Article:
The Global Land Evaporation Amsterdam Model (GLEAM) is a process-based semi-empirical model designed to estimate terrestrial evaporation and its separate components at the global scale from satellite observations alone (Miralles et al., 2011). In summary, GLEAM first calculates potential evaporation using the Priestley and Taylor equation (Priestley and Taylor, 1972) for four land cover fractions per grid cell: (1) low vegetation, (2) tall vegetation, (3) bare soil, and (4) open water. Estimates of potential transpiration (for the first two fractions) are converted into actual transpiration by applying an empirical multiplicative stress factor. The latter is calculated as a function of vegetation optical depth – which is used as a proxy for vegetation water content (Liu et al., 2013, 2011) – and root-zone soil moisture. The root-zone soil moisture in GLEAM is calculated using a multi-layer soil water balance model driven by precipitation and is further optimised using a Newtonian nudging data assimilation scheme (Martens et al., 2017, 2016). For the bare soil fraction, the evaporative stress factor is calculated based on surface soil moisture alone, while for the open-water fraction, no evaporative stress is considered (i.e. actual equals potential evaporation). Finally, for grid cells covered by snow, sublimation is calculated using the Priestley and Taylor equation with a specific set of parameters (Murphy and Koop, 2005). The fraction of precipitation intercepted by the vegetated surface and directly evaporated back into the atmosphere (i.e. rainfall interception loss) is only calculated for the fraction of tall vegetation. For this purpose, the implementation of Gash's analytical model of rainfall interception (Gash, 1979) by Valente et al. (1997) is used. Ultimately, the total evaporative flux is calculated by summing the fluxes calculated for the four cover fractions. For a detailed description of GLEAM, we refer the readers to Martens et al. (2017, 2016) and Miralles et al. (2011, 2010).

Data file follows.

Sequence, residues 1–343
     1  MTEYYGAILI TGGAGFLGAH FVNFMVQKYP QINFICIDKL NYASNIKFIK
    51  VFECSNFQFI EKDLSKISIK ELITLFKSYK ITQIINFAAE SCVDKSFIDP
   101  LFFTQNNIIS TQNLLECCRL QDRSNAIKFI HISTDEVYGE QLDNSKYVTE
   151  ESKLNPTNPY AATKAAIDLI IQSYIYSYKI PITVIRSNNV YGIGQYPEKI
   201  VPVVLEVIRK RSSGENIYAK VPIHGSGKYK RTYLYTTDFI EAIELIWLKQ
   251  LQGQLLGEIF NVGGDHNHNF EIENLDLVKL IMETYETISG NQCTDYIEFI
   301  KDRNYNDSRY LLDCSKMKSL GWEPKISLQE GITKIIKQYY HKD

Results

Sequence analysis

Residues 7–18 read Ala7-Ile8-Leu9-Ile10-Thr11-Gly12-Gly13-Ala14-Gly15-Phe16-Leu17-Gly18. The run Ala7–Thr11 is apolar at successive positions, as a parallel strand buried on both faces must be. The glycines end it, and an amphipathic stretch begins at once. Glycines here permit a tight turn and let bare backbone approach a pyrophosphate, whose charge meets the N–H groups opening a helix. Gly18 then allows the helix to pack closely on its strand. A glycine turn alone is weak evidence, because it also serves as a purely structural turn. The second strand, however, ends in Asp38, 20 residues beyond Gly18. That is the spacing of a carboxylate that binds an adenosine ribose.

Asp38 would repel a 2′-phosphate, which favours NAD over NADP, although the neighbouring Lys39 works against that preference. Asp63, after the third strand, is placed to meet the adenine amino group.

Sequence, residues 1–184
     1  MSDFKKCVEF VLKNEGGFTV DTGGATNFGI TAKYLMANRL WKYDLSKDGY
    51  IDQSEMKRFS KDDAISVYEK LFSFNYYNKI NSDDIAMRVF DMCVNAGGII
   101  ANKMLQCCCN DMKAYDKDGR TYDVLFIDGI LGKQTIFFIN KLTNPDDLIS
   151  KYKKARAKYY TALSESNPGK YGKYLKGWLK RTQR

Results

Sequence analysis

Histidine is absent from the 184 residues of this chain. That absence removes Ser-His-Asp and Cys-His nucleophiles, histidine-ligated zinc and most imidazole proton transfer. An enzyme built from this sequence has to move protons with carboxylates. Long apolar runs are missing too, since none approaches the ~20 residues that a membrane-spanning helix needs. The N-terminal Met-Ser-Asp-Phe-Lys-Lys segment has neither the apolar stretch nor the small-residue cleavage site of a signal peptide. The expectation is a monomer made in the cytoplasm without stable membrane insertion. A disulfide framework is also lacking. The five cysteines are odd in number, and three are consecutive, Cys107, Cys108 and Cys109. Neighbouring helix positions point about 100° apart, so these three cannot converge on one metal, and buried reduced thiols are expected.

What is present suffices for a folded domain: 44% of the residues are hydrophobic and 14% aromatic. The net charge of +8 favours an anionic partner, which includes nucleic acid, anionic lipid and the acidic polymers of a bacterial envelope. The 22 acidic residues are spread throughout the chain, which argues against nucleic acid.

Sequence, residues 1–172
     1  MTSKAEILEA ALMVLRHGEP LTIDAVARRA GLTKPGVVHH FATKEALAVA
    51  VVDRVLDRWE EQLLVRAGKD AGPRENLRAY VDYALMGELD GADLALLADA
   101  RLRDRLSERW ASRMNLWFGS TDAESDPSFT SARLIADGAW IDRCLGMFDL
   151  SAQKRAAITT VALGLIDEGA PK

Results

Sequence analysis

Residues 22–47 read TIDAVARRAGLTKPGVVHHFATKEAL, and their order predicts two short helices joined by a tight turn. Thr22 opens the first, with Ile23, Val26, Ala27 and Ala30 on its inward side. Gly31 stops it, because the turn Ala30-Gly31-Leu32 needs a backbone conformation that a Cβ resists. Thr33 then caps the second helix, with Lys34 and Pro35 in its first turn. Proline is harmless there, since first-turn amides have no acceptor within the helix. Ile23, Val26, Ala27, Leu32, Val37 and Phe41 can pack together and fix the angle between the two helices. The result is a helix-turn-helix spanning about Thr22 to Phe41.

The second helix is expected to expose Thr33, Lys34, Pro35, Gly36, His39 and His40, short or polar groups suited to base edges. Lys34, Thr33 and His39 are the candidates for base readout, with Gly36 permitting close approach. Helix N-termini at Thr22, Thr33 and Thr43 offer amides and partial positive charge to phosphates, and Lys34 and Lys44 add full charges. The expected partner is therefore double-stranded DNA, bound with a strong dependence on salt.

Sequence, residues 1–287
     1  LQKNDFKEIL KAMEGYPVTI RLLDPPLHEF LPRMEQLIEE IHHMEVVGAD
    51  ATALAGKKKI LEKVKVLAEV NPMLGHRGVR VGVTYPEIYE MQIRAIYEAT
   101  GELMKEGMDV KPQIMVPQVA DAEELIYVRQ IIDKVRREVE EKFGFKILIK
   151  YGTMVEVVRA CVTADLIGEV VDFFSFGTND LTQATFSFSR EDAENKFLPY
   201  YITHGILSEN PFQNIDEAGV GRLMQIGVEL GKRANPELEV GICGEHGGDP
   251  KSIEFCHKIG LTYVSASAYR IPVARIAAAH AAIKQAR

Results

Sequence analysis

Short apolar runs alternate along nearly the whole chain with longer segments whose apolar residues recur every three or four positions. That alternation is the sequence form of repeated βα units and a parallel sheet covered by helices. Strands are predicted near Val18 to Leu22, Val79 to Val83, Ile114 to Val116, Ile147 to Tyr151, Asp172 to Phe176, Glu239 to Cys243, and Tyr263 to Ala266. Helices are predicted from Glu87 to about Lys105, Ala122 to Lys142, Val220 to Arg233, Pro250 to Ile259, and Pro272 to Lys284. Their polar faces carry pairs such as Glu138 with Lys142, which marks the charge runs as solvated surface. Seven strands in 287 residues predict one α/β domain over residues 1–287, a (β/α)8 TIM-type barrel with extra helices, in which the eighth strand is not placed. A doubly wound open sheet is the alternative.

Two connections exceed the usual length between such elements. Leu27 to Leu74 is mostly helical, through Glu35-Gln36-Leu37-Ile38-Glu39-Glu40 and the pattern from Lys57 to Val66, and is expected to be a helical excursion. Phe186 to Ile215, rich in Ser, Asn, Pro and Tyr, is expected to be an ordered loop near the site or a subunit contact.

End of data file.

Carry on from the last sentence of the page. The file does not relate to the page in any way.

Here, GLEAM is used as a tool to assess quality differences in some key meteorological drivers of the turbulent fluxes, derived from ERA5 and ERA-I, and to explore the skill of the land-surface model implemented in ERA5 (H-TESSEL) to accurately model the control of the land surface on the turbulent heat fluxes. To do so, GLEAM is forced by an up-to-date version of the GLEAM v3a forcing database described in Martens et al. (2017), which uses near-surface air temperature and surface net radiation from ERA-I (hereafter referred to as GLEAM+ERA-I). Next, GLEAM is also forced using the same data set, but with near-surface air temperature and surface net radiation from ERA5 (hereafter referred to as GLEAM+ERA5). Although GLEAM has been designed to target the accurate estimation of terrestrial evaporation (or surface latent heat flux), we also calculate the estimated surface sensible heat flux as the residual of the energy balance, ignoring changes in energy storage (Eq. 2). Based on the estimates of both turbulent fluxes, the Bowen ratio from GLEAM is also calculated. The model is run for the period 1989–2015 – where 1989 is used as a spin-up year (Martens et al., 2017) – at daily temporal resolution and on a regular 0.25∘ latitude–longitude grid (Martens et al., 2017). All inputs, either sourced from ERA-I or ERA5, are processed as in Martens et al. (2017), including a linear resampling in both time and space to the spatiotemporal resolution used by GLEAM.